Sunday, January 10, 1999

Let's not miss real spectacle of government

The Cincinnati Enquirer

        If it is not too forward of me, I would like to make a public appeal to my colleagues in the media. Just for the next few weeks, can we keep our eyes on the people we've hired to do the work?

        Let's spare the public any more polls. Let's ignore suggestions from Alec Baldwin, movie actor and notable loudmouth. Let's not take any more television cameras into bars to ask patrons what they think ought to happen to the president of the United States. (By the way, why are the cameras never set up inside a library or a bookstore?)

The chicken dinner test
        Although our current national pastime is making fun of politicians, it might be remembered that these people are not from Mars. They are our neighbors. We send them from Terrace Park and Westwood and Southgate to carry out the business of government. We think they're the best we have to offer, don't we?

        We think — we hope — that they're better informed than the America that Jay Leno meets on his “Jay Walks,” where he questions a dozen people before he can get somebody who has heard of Madeleine Albright or Tony Blair.

        We are not looking for a resolution of these complicated events from people who have made Baywatch what is is today, who have elevated the Jerry Springer Show to its media perch.

        We are asking for justice from people who have been tested by a thousand chicken dinners and town meetings. We know them: Evan Bayh, George Voinovich, Mike DeWine, Mitch McConnell, Richard Lugar, Jim Bunning.

        Despite the tawdry circumstances leading up to the ceremony in the nation's capital this week, it was somehow majestic. There is a reason for pomp, for the gilt seals and the heavy tapestries and the ceremonial flags.

        This is not everyday life. This is Washington, D.C.

        Only 50 seats were available in the gallery for tourists to watch the impeachment trial. They queued up and waited. They were probably used to it. Unless they have pull, that's where vacationers spend a lot of their time.

The geezer lecture
        The first time my husband and I took our daughter to Washington, she was 11. One afternoon when we had dragged her through one too many arched granite doorways, she said carefully:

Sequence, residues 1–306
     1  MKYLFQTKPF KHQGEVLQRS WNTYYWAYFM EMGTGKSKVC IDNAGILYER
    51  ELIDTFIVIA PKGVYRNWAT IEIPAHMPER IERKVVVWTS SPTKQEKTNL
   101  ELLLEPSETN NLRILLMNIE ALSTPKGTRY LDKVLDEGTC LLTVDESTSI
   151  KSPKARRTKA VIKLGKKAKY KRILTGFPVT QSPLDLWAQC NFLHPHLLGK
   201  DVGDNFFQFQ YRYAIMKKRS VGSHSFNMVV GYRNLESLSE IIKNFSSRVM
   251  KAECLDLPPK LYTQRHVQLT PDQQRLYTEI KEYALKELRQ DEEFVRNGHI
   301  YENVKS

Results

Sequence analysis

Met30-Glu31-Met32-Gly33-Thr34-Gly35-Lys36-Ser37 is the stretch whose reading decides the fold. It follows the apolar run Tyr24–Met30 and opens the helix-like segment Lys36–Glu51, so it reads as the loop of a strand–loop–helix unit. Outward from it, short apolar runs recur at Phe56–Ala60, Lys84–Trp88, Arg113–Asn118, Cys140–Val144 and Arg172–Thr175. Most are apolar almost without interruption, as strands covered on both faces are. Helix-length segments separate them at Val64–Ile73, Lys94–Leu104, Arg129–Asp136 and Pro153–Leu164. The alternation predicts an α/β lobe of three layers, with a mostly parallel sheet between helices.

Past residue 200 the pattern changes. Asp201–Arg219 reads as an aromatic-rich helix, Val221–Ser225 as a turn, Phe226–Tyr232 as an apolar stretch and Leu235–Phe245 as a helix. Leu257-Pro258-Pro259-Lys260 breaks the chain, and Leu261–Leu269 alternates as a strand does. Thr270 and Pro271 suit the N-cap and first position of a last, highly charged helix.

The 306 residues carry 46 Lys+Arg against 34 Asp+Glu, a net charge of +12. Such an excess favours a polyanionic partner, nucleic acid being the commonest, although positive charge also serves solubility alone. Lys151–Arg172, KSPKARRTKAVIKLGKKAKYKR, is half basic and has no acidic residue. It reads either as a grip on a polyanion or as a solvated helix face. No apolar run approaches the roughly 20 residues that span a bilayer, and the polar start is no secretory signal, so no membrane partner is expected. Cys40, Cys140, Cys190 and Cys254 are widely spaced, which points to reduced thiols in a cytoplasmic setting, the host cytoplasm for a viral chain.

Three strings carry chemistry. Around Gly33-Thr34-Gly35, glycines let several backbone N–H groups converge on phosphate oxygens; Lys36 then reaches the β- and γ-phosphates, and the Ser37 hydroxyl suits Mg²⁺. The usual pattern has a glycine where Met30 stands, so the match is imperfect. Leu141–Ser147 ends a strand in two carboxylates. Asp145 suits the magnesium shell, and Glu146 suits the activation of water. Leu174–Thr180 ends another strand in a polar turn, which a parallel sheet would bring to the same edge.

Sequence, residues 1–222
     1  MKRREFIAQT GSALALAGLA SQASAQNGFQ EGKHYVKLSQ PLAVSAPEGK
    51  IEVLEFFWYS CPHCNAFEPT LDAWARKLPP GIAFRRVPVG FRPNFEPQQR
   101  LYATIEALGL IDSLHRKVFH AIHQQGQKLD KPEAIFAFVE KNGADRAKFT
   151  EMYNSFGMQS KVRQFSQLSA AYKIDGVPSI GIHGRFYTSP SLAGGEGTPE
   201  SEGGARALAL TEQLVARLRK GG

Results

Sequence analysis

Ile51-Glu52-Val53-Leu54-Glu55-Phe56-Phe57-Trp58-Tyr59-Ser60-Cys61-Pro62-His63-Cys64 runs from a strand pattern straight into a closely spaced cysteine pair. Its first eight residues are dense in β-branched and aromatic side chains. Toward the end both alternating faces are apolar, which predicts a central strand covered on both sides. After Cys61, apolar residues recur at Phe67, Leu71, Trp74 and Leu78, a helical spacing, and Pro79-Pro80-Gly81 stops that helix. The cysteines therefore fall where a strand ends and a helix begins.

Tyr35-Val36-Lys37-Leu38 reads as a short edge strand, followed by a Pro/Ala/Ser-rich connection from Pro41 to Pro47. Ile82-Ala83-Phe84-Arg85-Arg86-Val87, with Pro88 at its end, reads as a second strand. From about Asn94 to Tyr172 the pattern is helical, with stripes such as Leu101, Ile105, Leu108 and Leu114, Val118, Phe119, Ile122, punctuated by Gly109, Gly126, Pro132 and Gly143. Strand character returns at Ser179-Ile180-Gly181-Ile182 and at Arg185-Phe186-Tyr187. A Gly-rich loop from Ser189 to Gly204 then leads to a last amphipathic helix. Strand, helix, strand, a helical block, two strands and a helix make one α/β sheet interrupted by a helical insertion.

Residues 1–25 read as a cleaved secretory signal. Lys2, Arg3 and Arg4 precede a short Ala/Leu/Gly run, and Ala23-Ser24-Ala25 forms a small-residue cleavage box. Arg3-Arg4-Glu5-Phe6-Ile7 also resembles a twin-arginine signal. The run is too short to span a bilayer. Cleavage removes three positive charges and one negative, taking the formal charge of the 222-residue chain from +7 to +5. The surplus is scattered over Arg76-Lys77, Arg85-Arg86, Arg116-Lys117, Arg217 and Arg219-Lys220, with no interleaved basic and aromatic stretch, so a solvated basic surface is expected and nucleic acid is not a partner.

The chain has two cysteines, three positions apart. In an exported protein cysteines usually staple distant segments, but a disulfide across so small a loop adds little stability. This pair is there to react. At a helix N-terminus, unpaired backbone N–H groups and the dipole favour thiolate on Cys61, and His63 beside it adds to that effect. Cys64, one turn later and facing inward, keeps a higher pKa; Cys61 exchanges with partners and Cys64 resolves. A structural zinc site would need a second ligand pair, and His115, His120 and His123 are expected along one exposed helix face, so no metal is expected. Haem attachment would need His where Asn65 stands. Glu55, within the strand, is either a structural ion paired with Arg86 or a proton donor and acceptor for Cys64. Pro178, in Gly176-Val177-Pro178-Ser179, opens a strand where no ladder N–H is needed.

“What made you think I wanted to stand in line to see Grover Cleveland's pipe rack? Everybody else in my class went to Disney World.”

        I'm proud to say that I responded just as any other concerned and caring parent would. I told her just how much this trip was costing us and what a lot of trouble it was to take time away from our respective offices, where, by the way, we labor primarily to pay for her orthodontia. I told her how lucky she was — and how ungrateful.

        I stopped just short of telling her I had to walk five miles to school every day in the snow and how very painful childbirth can be and how I didn't ask for any drugs until the very end.

        That was many years ago, and I think Meg has forgiven me. But she has never forgotten what she saw.

        So maybe standing in line for another Learning Experience wasn't as much fun as a zoom flume or the view from Sleeping Beauty's Castle. It was up to me to let her know what she would have been missing. The Air and Space Museum and the Lincoln Memorial and the Washington Monument. Arlington Cemetery. The White House. The Capitol rotunda. A living civics lesson.

        History is being made right now on Capitol Hill. And we journalists should take people there — not to Disney World or the Dew Drop Inn.

        Laura Pulfer's column appears Sundays, Tuesdays and Thursdays. E-mail her at, call 768-8393 or fax 768-8340. She can be heard Monday mornings on WVXU radio (91.7 FM), and as a regular commentator on National Public Radio's Morning Edition and InterMedia's Northern Kentucky Magazine. Her book, I Beg to Differ, a collection of her most popular newspaper columns and radio commentaries, is available at (800) 852-9332.